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Rep. Howard’s numbers on Gunstock tax impact are fantasy

Oct 12, 2018

To The Daily Sun,

I consider Rep Norman Silber’s attempted smear campaign against me (see his Oct. 9 letter to The Laconia Daily Sun) a badge of honor almost equal to the endorsements I have received in my run for the N.H. House (Belknap District 8, for Alton, Barnstead, and Gilmanton). It should be noted that Mr. Silber is the same man who equated a game of spin the bottle to attempted rape in his September 18 letter to The Laconia Daily Sun. He had also previously attacked me for using my own name rather than being known as Mrs. Hunter Taylor (see his April 4, 2017 letter to The Sun).

Mr. Silber now makes a crazed attempt to deflect attention from the serious policy issues I have been raising (in my letters differentiating my views from those of my opponent, Rep. Raymond Howard, Jr.). Nowhere does he even mention the actual policies I have been supporting, such as testing of toddlers for lead poisoning, testing high school students on civics, incentives for medical manufacturing, keeping county sheriff dispatch, anti-hate crimes resolution, the jail programs and county conservation and Meals on Wheels and Gunstock and others. If this attack on my campaign is Rep. Silber’s last hurrah before he returns to Florida for good, then he has my thanks for taking time out from packing to lash out.

Speaking of Gunstock, that is another area on which Rep. Howard and I totally disagree. When the county delegation voted on August 29 for the Gunstock line of credit (Revenue Anticipation Note, or RAN), the result was 14 to 2 in favor, with Rep. Howard and Rep. Silber being the two voting no. In an attempt to explain his negative vote, Rep. Howard made an extraordinary statement that I had to review afterwards on the video to confirm that I heard him accurately. Mr. Howard first insulted the citizens who attended the hearing as “groupies for Gunstock.” He then went on to claim that in 1999, or 20 years ago, the county bailed out Gunstock to the tune of $8 million, which resulted in such a spike in county taxes that he could not put food on the table for his family or clothe his children. (Anyone wishing to view this brief video can go to the Belknap County website and go to Watch Belknap County Meetings, then click on the video for the 8/29 delegation meeting; Rep. Howard’s remarks appear just after the 1 hour mark).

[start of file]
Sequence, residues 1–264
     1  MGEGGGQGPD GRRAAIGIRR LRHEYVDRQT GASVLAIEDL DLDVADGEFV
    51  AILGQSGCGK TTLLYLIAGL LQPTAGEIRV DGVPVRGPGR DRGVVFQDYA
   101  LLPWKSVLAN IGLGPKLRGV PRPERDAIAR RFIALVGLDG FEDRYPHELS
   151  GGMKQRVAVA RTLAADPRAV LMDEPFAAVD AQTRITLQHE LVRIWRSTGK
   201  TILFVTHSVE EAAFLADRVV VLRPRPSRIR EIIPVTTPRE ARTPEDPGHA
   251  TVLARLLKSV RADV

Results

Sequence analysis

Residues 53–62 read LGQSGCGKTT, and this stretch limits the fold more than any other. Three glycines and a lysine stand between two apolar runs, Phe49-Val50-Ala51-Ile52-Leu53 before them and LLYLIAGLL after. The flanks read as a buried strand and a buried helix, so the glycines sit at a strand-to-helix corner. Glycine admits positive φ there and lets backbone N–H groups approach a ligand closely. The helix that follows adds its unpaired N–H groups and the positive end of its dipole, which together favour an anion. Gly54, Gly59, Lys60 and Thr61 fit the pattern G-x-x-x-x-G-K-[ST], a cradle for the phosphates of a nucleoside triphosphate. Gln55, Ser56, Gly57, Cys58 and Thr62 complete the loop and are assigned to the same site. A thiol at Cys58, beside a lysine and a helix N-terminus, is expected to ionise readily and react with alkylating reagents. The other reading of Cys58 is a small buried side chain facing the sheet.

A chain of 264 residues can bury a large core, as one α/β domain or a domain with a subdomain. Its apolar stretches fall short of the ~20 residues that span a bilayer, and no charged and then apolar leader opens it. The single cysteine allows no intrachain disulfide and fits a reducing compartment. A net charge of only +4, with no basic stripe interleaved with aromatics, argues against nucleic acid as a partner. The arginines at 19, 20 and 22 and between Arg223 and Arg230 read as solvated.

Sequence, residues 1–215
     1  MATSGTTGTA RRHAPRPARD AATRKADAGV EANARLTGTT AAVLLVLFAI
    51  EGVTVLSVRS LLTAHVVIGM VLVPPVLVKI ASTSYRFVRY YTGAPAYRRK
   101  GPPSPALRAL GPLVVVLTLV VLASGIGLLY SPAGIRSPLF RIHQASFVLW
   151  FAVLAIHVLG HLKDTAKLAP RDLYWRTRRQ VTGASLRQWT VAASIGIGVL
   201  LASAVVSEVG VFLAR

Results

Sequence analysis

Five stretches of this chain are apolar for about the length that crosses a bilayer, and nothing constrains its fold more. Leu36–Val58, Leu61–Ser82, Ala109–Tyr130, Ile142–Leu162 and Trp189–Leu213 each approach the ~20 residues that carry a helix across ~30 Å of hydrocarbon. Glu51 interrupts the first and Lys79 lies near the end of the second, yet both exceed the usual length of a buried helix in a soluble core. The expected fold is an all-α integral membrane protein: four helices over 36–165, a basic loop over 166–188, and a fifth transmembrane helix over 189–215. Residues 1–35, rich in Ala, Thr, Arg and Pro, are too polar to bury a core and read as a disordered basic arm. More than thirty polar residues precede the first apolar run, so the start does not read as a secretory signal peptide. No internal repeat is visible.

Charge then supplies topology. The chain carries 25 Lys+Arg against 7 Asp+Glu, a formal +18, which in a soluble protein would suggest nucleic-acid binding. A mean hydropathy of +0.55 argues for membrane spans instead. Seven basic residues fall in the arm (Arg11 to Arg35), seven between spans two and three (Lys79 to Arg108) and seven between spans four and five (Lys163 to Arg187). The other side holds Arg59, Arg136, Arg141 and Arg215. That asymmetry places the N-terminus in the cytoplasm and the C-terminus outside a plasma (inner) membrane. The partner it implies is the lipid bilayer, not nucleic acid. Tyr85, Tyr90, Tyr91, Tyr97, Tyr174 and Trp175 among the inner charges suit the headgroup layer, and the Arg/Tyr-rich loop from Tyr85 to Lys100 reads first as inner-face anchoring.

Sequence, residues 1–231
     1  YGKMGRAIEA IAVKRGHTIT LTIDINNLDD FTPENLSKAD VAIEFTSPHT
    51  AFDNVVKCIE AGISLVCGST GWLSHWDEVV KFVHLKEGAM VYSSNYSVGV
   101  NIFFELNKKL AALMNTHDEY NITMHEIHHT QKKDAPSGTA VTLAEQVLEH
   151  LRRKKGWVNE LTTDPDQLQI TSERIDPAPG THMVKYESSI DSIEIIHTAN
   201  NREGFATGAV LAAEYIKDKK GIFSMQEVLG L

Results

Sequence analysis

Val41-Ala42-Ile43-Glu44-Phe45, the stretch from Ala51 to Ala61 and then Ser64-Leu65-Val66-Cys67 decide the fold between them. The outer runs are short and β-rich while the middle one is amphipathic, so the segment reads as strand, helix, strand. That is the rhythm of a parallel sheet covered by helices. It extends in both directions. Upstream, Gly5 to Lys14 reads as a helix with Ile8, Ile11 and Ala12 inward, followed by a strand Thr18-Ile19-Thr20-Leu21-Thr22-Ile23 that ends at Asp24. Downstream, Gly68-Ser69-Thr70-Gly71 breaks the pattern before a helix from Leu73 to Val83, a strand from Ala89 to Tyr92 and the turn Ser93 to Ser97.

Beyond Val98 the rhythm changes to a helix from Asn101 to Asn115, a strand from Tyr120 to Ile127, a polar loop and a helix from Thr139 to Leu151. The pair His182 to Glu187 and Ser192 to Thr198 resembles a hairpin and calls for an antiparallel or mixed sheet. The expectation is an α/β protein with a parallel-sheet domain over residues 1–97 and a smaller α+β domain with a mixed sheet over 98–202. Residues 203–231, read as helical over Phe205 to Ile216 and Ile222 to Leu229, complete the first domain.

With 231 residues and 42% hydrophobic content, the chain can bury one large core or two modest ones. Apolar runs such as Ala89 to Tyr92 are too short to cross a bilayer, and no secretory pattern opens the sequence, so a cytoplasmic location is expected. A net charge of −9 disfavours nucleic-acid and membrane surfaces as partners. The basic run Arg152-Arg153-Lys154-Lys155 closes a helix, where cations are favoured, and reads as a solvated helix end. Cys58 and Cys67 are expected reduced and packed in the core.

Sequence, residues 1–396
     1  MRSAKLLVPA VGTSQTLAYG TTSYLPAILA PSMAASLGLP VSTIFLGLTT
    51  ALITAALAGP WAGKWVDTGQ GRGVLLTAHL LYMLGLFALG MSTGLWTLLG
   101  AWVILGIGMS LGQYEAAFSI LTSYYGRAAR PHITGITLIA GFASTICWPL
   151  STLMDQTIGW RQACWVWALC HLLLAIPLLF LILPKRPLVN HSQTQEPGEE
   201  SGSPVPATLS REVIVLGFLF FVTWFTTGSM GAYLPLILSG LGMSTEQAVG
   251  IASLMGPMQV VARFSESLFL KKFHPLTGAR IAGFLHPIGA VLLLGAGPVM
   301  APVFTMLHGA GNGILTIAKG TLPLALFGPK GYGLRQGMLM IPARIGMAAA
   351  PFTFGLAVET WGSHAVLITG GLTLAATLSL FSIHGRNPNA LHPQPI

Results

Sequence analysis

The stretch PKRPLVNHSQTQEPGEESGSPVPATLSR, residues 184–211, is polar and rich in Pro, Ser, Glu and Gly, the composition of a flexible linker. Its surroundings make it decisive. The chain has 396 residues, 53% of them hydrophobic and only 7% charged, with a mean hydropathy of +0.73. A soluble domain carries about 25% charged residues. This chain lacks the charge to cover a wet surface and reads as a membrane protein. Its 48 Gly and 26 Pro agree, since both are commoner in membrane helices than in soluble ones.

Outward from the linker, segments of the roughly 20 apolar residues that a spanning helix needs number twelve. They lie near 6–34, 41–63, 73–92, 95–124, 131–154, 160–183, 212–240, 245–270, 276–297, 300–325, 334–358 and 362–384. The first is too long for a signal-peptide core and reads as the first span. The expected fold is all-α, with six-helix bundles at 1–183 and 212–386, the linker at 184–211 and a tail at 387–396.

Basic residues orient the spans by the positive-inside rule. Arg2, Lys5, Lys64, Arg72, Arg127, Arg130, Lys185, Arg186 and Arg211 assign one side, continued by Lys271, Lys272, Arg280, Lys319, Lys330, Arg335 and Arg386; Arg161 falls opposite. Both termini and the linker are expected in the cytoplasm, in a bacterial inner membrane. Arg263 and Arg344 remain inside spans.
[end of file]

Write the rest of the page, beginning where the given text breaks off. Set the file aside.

Suspecting that Rep. Howard’s claims were not based on fact, I obtained actual tax records to see what property owners in Alton (where Mr. Howard lives) paid in county taxes during the period in question.  As it turns out, the county portion of Alton’s property tax rate went from $2.04 in 1997 (meaning that for every $1,000 of assessed value, the taxpayer owed $2.04 for the county portion of the property tax bill) to $1.92 in 1998 to $1.98 in 1999 to $2.07 in 2000 to $1.62 in 2001. What those rates mean are that a person with a $200,000 house (an average price) would have paid annual county taxes on it of $408 in 1997, $384 in 1998, $396 in 1999, $414 in 2000, and $324 in 2001.

Where is the spike Rep. Howard referred to in his comments at the August meeting? It didn’t exist. It is clear that Mr. Howard’s statements about Belknap County taxes in the 1998–1999 period were completely without factual basis. No wonder that the person who comes to his rescue is a man who can’t distinguish between an innocent game and a sexual assault.

Ruth Larson


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